A 57-year-old U.S. man is reportedly doing good three days after receiving a genetically modified pig heart, which is a first-of-its-kind heart transplant surgery. The news was announced by Maryland hospital in a press release on Monday.
Doctors at the University of Maryland Medical Center said that the transplant showed that a heart from a genetically modified animal can function in the human body without immediate rejection.
The patient, David Bennett, a Maryland handyman, knew there was no guarantee the experiment would work but he was dying, ineligible for a human heart transplant and had no other option, as per reports.
“It was either die or do this transplant. I want to live. I know it’s a shot in the dark, but it’s my last choice,” Bennett said a day before the surgery, according to a statement provided by the University of Maryland School of Medicine.
On Monday, the patient was breathing on his own while he was still connected to a heart-lung machine to help his new heart. Doctors said that the next few weeks will be critical as Bennett will be recovering from the surgery and they will be carefully monitoring how the heart is faring.
“If this works, there will be an endless supply of these organs for patients who are suffering,” said Dr Muhammad Mohiuddin, scientific director of the Maryland University's animal-to-human transplant program.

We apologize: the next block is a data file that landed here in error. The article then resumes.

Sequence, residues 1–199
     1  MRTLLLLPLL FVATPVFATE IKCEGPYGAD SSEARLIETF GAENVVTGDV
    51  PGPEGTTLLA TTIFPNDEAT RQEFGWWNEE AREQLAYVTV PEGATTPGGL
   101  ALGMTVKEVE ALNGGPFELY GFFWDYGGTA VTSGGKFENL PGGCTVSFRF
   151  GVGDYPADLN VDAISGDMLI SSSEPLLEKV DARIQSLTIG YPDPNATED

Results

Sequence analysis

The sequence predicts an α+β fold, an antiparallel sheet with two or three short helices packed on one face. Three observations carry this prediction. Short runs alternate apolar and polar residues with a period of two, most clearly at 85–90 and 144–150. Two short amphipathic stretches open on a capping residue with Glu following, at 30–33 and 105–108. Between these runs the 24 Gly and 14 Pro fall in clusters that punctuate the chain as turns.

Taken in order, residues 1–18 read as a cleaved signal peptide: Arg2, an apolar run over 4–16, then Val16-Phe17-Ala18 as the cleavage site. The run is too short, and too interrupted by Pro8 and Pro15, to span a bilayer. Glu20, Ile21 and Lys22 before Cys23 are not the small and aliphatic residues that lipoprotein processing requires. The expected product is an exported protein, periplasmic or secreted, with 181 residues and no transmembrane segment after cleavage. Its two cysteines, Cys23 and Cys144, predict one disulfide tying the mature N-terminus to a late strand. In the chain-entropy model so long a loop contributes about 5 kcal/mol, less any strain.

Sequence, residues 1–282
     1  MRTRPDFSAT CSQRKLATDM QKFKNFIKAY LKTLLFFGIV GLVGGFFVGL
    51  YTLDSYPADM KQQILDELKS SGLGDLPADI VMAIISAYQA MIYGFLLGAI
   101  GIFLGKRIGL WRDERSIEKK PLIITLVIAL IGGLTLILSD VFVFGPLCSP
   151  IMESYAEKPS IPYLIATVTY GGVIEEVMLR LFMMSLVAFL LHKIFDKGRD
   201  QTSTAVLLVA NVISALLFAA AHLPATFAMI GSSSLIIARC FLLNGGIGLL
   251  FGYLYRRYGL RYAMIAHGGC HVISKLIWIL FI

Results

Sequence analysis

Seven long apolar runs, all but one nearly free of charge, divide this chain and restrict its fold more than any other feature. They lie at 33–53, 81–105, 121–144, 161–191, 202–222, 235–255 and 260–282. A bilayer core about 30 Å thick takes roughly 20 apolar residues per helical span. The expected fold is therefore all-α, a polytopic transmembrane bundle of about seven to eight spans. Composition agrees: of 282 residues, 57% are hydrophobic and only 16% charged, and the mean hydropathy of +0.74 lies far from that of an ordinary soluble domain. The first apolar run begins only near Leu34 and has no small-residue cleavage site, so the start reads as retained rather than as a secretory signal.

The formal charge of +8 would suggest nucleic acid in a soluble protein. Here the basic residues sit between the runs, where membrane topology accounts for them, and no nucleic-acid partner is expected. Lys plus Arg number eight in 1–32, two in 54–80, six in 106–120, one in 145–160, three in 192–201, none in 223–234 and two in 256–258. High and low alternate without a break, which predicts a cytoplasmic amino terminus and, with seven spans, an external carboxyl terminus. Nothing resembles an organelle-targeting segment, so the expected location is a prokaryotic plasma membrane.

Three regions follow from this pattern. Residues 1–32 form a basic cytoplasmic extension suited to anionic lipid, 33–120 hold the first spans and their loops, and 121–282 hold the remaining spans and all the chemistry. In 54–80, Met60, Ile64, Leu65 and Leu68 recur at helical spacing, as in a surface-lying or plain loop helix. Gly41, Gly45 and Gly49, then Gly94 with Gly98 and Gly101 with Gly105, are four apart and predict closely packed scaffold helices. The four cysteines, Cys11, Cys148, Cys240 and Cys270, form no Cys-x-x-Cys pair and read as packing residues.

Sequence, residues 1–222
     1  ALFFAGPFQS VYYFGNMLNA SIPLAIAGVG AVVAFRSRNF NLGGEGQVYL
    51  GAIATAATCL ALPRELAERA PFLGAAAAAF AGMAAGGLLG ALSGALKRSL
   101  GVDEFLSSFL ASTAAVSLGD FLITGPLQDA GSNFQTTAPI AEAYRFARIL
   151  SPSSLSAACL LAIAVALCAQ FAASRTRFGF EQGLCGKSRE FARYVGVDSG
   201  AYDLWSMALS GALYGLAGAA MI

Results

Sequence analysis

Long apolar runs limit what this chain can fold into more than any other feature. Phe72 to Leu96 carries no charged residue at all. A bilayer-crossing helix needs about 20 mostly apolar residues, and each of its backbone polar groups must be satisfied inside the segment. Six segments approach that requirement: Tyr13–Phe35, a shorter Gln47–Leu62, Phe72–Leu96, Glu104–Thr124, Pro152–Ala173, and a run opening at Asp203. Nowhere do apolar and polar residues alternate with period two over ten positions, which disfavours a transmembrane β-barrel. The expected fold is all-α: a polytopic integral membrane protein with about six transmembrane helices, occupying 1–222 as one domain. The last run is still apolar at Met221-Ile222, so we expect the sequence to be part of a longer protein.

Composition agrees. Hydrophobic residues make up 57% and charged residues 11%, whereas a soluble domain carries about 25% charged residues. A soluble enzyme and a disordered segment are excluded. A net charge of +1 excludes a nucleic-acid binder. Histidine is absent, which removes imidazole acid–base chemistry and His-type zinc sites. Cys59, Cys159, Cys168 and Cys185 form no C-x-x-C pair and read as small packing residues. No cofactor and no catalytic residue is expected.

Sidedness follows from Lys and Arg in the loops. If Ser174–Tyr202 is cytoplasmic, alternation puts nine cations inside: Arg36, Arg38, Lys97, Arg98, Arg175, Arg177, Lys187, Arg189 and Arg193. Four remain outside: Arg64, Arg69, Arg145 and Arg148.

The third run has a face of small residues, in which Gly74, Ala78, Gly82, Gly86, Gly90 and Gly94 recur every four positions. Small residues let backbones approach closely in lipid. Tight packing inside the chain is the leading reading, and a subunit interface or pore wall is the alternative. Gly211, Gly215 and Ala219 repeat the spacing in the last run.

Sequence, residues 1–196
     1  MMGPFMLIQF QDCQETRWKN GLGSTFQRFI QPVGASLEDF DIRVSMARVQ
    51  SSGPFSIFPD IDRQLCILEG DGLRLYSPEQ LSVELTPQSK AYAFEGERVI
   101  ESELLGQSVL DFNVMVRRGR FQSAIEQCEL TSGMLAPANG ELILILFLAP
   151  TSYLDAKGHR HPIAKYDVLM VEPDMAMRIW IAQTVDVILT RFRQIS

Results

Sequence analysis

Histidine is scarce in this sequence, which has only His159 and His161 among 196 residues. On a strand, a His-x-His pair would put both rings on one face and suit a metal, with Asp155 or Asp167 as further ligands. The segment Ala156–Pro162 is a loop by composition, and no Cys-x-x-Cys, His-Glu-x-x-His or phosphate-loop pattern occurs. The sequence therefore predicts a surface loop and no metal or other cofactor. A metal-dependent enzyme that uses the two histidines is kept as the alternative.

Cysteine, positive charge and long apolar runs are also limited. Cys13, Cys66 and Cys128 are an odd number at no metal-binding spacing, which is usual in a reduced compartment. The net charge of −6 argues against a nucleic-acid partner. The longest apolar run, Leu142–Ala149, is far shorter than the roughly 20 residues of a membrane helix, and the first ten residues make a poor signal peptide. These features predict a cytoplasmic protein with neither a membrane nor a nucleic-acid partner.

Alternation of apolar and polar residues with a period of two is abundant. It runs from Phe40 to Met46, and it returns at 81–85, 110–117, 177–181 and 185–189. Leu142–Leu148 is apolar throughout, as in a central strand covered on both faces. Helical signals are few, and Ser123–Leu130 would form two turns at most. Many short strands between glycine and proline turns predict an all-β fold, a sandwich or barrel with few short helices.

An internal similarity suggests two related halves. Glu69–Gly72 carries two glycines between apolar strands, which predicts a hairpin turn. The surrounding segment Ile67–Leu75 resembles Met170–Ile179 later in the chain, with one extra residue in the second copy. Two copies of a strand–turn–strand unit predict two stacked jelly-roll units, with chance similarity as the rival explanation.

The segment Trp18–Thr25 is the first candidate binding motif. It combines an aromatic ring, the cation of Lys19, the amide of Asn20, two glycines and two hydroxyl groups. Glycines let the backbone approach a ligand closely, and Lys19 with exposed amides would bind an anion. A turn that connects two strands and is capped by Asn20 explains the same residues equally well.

Bennett's genetically modified pig heart was provided by Revivicor, a regenerative medicine company based in Blacksburg, Virginia. On the morning of the surgery, the transplant team removed the pig's heart and placed it into a special device to preserve its function until the surgery.
Notably, pigs have long been a tantalizing source of potential transplants because their organs are similar to humans. A hog heart at the time of slaughter, for example, is about the size of an adult human heart.
Other organs from pigs being researched for transplantation into humans include kidneys, liver and lungs.
Prior efforts at pig-to-human transplants have failed because of genetic differences that caused organ rejection or viruses that posed an infection risk.
Scientists have tackled that problem by editing away potentially harmful genes.